6. Jan 28, 2014 #6

    Good Ed

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    Got my copy yesterday, and have had a look through. Published in America, so as Dennis says slanted to the US market. I checked with Ron and the recipes are for 6 US gallons, which is 22.7L, pretty much what we are used to.

    It is really a recipe book as it says on the cover, although the few pages of history are good, I would suggest buying his other books if you want to read in depth about each style, and it does lack that humour that is in his writing on his blog.

    Overall worth the price if you are interested in brewing historic beers.
     
  7. Jan 28, 2014 #7

    Bopper

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    I've got about 100 recipes from http://barclayperkins.blogspot.com , how many recipe are in the book? I absolutely love the historic recipes especially form the 60's and 70's as i can remember drinking some of them!

    P.S- US 6 gallon is = 5 gallon imperial

    Richard
     
  8. Jan 29, 2014 #8

    Dr Mike

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    I recognise one or two recipes as having been on the blog but I think the overwhelming majority are new. One thing I've noticed on the Blog recipes is that the hopping rate is often inconsistent between Ron's tables of the original beers and the Homebrew version of the recipes (have a look at the 1868 version of the Younger's XP recipe). This doesn't appear to be an issue with the book as all the recipes seem to have quantity of hops you would expect.

    A couple of omissions I've noticed in the book are that no mention is made of Dry Hopping rates (I understand this was not always well recorded in the original logs but some general guidelines for each style would have been nice) and that although there are details of mash temps, no mash times are given. For mash temps, I'd be inclined to ignore some of the suggestions and try to shoot for one that will get the right attenuation with the yeast you choose. There are also a few typos one page in the narrative section appears to be missing a table.

    Overall though still an interesting book to dip in and out of and I will doubtless do a few of the recipes. As others have said, the narrative is not as chatty as you expect from reading Ron's blog.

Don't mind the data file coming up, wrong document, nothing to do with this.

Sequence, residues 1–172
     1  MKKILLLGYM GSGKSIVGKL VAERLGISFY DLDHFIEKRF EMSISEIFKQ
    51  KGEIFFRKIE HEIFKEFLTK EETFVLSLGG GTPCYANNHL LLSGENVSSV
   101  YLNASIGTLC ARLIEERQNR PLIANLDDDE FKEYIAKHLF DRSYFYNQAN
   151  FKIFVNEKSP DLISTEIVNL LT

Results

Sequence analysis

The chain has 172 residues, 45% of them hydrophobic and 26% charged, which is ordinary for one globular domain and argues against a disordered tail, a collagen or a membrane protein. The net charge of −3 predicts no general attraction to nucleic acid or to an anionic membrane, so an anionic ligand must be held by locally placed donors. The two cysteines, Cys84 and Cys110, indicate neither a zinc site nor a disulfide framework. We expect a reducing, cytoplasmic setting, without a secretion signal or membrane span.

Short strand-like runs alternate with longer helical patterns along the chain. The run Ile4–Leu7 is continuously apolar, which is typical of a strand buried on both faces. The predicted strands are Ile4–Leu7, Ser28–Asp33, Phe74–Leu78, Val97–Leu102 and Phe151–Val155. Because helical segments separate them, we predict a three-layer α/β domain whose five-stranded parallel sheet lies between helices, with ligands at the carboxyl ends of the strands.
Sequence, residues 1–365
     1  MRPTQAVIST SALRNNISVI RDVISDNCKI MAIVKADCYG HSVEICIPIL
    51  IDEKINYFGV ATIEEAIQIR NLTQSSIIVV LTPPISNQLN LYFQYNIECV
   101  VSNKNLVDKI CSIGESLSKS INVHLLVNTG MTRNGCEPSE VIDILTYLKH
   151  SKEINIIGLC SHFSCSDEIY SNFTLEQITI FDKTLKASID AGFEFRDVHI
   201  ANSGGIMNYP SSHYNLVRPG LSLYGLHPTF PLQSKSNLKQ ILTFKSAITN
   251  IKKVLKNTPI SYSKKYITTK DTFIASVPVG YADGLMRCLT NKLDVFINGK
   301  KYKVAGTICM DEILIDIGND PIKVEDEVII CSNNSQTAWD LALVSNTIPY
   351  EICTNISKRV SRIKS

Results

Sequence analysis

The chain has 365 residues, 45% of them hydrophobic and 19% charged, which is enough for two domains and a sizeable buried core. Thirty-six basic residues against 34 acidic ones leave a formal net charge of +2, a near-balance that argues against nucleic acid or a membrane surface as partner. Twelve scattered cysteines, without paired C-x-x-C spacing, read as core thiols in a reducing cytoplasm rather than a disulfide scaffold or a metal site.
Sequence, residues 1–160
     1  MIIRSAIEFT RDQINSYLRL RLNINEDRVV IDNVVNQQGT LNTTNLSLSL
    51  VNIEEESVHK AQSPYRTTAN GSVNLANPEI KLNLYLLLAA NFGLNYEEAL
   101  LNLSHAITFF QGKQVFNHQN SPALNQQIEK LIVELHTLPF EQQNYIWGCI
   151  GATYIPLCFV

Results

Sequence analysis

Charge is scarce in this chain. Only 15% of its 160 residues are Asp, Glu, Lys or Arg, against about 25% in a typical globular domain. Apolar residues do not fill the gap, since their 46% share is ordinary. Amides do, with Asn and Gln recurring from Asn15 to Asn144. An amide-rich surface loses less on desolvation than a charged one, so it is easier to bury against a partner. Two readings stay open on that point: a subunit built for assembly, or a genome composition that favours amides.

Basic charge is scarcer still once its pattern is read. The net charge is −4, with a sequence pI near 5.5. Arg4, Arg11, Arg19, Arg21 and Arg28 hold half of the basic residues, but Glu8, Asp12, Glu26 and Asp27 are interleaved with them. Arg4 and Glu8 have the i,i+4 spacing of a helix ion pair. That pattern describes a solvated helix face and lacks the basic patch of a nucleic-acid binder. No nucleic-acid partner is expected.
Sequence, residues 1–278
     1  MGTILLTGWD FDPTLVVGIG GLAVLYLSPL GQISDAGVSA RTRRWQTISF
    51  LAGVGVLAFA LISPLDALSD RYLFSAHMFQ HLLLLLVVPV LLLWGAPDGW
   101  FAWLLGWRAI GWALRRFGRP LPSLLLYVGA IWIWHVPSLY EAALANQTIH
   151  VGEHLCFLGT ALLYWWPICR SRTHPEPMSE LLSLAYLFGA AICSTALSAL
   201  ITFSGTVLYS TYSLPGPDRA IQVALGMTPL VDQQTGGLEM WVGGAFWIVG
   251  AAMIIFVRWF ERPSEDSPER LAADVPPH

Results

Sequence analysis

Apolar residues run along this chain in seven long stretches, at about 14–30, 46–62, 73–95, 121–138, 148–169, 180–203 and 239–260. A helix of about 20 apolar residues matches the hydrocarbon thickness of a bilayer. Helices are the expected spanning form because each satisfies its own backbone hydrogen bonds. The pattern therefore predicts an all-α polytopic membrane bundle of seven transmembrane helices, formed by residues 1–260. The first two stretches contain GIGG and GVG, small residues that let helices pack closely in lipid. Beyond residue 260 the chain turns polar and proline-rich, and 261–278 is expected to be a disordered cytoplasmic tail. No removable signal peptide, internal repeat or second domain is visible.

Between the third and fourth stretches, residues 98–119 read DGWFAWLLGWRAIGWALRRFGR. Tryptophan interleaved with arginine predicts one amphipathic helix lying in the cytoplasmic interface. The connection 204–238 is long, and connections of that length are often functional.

9. Jan 30, 2014 #9

    SimonS

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    I have noticed a few variations in hop rates between beers also. I suspect that the old brewers used to brew in a different way to us. While we expect a recipe to be exact to the decimal place, I believe that they were less precise, and used what was to hand a lot of the time. I also understand that with parti-gyle (I think that is what it is called) they used to mix the different worts so they could be exactly on the money with the OG every time - must make arriving at the recipe for homebrew a very difficult (and impressive) feat. Likewise, how carefully did they measure they temperature in the early 1800s?

    I do wonder if any two batches leaving the brewery tasted the same!
     
  10. Feb 3, 2014 #10

    patto1ro

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    The hopping rates varied between winter and summer - more hops in the summer, fewer in winter. And they'd change hopping rates when they changed the hops they were using.

    They measured the temperatures very carefully, both mashing and fermentation. The mash temperatures are very constant between different batches.
     
  11. Feb 3, 2014 #11

    patto1ro

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    All the recipes in the book are new, though some are similar to ones I've posted on the blog.
     
  12. Feb 3, 2014 #12

    dennisking

    dennisking

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    Thank you for replying Ron
     
  13. Feb 12, 2014 #13

    patto1ro

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  14. Feb 15, 2014 #14

    SimonS

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    Cheers Ron, that is appreciated. I will be getting a cook on soon.

    Incidentally, has anyone else been banned from 'breaking bad' euphemisms when brewing?